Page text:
Posted by on November 28, 2012 in Blog
In 2003, the 9/11 Commission recommended that a system be established to safeguard civil liberties in response to the flurry of national security and counter-terrorism legislation. Thomas Keane, chairman of the 9/11 Commission and former governor of New Jersey, showed prescience when he predicted that “anything with a national security label on it will pass” in the years following the attacks, which is why he pushed for civil liberties advocates to have some voice in the debate. The mechanism the commission came up with was the Privacy and Civil Liberties Oversight Board (PCLOB), which Congress officially created in 2004. Just shy of a decade later, the PCLOB held its first public meeting, which mostly served to show how far the board still is from being capable of carrying out its intended functions.
By law, the PCLOB should have significant power to check the overreach of national security legislation in the last decade. The Board is directed by statute to review all proposed legislation and policies related to counterterrorism efforts; continually review all counterterrorism activities of the White House and the executive agencies; evaluate the reports from every executive agency’s privacy and civil liberties officer; testify before Congress upon request; and submit periodic reports to various House and Senate committees and to the president. The Board is supposed to have access to even the most secret government programs, with subpoena power to enforce its demands.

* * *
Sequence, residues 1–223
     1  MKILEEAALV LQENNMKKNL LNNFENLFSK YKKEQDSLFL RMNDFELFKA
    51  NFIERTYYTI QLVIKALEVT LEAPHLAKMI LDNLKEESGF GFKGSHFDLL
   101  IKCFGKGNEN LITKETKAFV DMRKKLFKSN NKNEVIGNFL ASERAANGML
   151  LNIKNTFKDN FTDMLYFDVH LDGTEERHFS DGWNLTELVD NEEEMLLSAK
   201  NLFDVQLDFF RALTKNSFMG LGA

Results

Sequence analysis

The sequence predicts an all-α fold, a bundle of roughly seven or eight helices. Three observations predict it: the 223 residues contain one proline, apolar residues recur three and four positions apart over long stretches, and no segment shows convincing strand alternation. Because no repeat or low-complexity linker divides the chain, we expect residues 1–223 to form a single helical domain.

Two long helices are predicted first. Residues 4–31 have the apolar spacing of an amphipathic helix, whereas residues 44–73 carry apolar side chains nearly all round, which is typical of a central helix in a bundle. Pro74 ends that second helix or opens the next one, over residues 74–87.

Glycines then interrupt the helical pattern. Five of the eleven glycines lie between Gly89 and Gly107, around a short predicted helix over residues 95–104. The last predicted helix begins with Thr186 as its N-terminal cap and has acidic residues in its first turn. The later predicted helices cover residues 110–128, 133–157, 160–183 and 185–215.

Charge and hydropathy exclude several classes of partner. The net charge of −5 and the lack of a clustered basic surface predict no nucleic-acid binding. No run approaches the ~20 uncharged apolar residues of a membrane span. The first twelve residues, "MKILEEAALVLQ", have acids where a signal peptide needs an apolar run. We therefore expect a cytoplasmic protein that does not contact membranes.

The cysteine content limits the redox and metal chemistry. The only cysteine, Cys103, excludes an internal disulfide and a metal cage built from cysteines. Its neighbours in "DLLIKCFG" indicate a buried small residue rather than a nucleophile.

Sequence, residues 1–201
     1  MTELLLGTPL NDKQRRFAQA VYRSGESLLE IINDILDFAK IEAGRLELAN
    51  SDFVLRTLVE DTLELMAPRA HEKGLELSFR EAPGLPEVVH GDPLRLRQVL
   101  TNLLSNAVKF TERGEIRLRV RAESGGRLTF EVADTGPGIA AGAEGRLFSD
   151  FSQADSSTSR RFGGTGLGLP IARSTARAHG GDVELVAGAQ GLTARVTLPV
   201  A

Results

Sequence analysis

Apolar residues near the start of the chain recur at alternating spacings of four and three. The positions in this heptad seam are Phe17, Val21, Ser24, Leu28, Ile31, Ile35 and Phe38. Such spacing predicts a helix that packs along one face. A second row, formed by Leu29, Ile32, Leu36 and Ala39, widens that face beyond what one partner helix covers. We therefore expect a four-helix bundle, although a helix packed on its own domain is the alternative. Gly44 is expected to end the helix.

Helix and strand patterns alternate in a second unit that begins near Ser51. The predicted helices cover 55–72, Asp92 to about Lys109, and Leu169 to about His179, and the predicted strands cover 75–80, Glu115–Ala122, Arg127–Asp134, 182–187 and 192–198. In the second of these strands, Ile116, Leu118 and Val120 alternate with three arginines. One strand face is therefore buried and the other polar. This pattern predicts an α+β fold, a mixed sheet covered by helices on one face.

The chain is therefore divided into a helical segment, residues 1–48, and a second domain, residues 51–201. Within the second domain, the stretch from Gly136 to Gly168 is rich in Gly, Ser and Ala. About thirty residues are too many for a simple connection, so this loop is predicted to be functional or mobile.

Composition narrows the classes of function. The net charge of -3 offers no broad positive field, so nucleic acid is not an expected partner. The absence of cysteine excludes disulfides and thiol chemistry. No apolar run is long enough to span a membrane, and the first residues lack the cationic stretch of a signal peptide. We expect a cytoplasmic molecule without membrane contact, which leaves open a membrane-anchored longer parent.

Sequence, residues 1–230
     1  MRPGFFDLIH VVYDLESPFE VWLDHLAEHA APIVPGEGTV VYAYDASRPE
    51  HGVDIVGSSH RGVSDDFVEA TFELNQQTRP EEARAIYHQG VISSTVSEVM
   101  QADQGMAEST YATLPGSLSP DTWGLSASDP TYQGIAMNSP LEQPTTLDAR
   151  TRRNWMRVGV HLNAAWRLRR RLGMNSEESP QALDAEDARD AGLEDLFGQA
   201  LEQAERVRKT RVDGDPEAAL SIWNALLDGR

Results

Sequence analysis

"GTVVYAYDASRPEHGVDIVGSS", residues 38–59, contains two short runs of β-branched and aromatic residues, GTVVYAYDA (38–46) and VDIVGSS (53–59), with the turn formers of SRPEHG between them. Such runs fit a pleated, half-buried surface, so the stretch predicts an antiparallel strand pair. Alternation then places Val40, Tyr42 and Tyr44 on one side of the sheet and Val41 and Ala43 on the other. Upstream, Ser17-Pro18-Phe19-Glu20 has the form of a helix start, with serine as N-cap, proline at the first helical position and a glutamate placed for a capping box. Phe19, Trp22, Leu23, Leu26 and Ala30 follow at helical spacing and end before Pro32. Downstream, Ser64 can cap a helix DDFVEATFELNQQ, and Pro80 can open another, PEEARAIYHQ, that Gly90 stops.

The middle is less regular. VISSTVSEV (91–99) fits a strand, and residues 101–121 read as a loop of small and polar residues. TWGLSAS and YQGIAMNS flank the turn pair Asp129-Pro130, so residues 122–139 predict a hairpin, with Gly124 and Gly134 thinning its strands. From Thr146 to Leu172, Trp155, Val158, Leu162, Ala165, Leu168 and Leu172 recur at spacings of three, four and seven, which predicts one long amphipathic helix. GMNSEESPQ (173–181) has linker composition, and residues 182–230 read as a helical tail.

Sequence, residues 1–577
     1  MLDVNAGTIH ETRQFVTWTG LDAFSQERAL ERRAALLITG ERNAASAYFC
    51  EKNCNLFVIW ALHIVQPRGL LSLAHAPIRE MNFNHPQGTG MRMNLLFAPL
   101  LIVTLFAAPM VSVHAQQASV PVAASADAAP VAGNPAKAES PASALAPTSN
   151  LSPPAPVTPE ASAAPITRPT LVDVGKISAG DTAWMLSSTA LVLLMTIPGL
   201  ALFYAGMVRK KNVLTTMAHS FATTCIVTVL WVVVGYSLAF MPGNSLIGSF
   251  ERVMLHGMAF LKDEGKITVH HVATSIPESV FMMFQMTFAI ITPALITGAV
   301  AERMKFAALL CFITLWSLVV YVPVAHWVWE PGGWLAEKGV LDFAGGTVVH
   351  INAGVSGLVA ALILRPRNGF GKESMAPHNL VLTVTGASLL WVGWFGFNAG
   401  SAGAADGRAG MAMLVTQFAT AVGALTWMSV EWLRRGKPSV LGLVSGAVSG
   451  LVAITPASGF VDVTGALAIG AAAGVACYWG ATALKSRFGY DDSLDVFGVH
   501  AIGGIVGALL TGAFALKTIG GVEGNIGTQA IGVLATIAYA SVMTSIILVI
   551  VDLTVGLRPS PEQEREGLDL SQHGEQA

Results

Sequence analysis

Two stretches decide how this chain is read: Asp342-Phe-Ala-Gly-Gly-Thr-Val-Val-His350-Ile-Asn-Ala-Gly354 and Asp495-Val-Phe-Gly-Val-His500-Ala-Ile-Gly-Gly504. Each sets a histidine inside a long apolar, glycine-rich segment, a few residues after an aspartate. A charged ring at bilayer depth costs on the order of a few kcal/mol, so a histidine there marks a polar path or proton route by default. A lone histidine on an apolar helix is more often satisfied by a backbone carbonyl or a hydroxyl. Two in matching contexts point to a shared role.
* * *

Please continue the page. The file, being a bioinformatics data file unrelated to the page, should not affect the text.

Yet the PCLOB has yet to function as the law requires, due to bureaucratic feet-dragging from both the Bush and Obama administrations and a multitude of political squabbles over appointments to the board. On October 31st, the PCLOB’s first public meeting showed some encouraging signs of life, but also how far the Board has to go be fully functional. The Board was almost completely vacant for about 5 years, after several of its initial appointees resigned in protest. This year, four appointees to the PCLOB were approved by the Senate, two Democrats and two Republicans. The Senate thus far has refused to confirm the Board’s chairman, the only full time member with the ability to hire a staff, so it is unclear to what extent the PCLOB will be able to begin work before its appointed chairman is confirmed by the Senate.
Not only is the PCLOB still non-functional, it is also faced with an 8-year backlog of civil liberties issues to address. A variety of civil liberties organizations attended the first meeting of the PCLOB to offer suggestions on how the Board should direct its efforts and still limited resources. Suggestions for the Board’s attention included: targeted killing, data retention guidelines, secret law, the Patriot Act, fusion centers, FBI “threat assessments,” searches of electronics at the border, government access to third-party data records, the state secrets privilege, the Espionage Act, the FISA Amendments Act, and many other issues. Attendees of the meeting noted that the four active members of the Board seemed grateful for the input of these civil liberties advocates and that their requests for agenda items did not seem to be the usual “box-checking exercise.”
The goal of the PCLOB is not to halt national security legislation, but to help design it so that it does not come at the cost of our civil liberties. Fears that the PCLOB will obstruct national security programs are based on the false assumption that effective national security policies necessarily involve giving up liberties. Policies that keep us safe and protect our liberties can and should be one and the same, which is precisely the goal of the PCLOB. Nearly a decade after it was first proposed by the 9/11 commission, it’s time the Board got to work.comments powered by Disqus